OK, so what? Jackson has the advantage of incumbency, plus she’s a black Democrat in a city where that demographic and those political leanings are obvious advantages, but hasn’t she done a terrible job? Isn’t everyone turning against her?
Important lesson to remember: your Facebook feed is probably not a representative sample of Savannah voters. Yes, Savannah has a high poverty rate and a high crime rate, but those things have been true for decades. Clearly, we need some fresh approaches at City Hall, but that doesn’t mean that Savannah voters will abandon the folks they have been supporting for years.
On the most important issue that could bring down an incumbent mayor — crime — Jackson can point to the hiring of Chief Lumpkin and to her personal involvement in quelling unrest after a fatal police shooting of a handcuffed man.
Also, it’s worth adding that Savannah is seeing strong job growth and business investment. Sure, a lot of that is hotel investment, and many of the jobs are in leisure and hospitality, but other sectors are making strong gains too as we dig out of the hole from the real estate bust. Given the dynamics of the local economy, I bet there are some relatively conservative voters in the local business community who will ultimately support Jackson, and don’t be surprised if she picks up some key endorsements from business organizations.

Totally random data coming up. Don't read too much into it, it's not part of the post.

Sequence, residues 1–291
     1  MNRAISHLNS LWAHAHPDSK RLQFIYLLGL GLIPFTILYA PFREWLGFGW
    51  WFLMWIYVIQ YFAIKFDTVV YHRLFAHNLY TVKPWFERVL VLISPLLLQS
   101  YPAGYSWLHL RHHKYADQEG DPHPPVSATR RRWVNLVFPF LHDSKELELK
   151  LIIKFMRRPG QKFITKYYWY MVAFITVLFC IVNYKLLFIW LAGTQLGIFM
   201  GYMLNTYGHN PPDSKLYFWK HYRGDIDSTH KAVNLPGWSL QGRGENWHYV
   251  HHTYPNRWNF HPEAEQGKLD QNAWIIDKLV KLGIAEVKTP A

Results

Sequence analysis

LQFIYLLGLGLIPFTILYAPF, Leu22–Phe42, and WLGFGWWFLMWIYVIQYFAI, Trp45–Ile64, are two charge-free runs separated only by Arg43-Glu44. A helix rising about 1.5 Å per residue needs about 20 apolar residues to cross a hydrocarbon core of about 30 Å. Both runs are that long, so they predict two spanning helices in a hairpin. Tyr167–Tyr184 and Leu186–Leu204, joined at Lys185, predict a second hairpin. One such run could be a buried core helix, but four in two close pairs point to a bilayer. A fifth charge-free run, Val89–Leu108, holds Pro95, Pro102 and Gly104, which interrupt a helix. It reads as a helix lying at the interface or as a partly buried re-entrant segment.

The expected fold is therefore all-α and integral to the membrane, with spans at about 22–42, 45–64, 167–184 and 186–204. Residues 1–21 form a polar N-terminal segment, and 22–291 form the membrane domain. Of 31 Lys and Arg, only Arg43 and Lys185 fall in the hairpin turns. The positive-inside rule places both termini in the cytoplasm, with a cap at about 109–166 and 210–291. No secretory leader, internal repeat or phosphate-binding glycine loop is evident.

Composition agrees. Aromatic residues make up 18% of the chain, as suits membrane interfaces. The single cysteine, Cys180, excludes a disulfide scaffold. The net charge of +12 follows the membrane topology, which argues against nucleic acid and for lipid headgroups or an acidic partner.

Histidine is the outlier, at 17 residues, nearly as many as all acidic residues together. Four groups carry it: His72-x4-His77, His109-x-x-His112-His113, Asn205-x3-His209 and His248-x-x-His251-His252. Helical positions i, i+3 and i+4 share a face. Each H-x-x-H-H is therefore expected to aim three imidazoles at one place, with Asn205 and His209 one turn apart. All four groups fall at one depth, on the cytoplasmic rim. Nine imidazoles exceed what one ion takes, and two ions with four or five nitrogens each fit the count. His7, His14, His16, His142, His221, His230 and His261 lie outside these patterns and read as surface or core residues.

Jackson is a lousy candidate for the social media age — her campaign Facebook page is pitiful — but she’s widely known, widely liked, and good at the sort of retail campaigning that is crucial to elections in a smallish city like Savannah.
I do think Jackson could be extremely vulnerable if someone challenged her from within the liberal establishment this year. In addition to being vulnerable on a major issue like crime, Jackson could also be challenged for her support of the work of City Manager Stephanie Cutter, whose administration has chosen convoluted paths and has moved at a glacial pace on all sorts of important issues, including the new cultural arts center, the firefighters’ contract, the revised alcohol ordinance, Waters Avenue revitalization, and on and on. (Connect’s Jim Morekis recently had quite a laundry list of issues in a recent column, most of which I agree with.)
Eddie DeLoach, who announced his run for mayor just a few days ago, is certainly a credible candidate, but he will have to prove that he can attract significant numbers of black and liberal voters. Murray Silver announced his candidacy months ago and has been stirring the pot as expected and needed, but it remains to be seen whether he can reach a broad cross-section of voters. I will likely have more to say about their candidacies as we get closer to the general election.
For the record, I didn’t vote for Edna Jackson in 2011 and am incredibly frustrated with our current city administration, but you don’t have to be a Jackson supporter to see that she is a formidable candidate for reelection.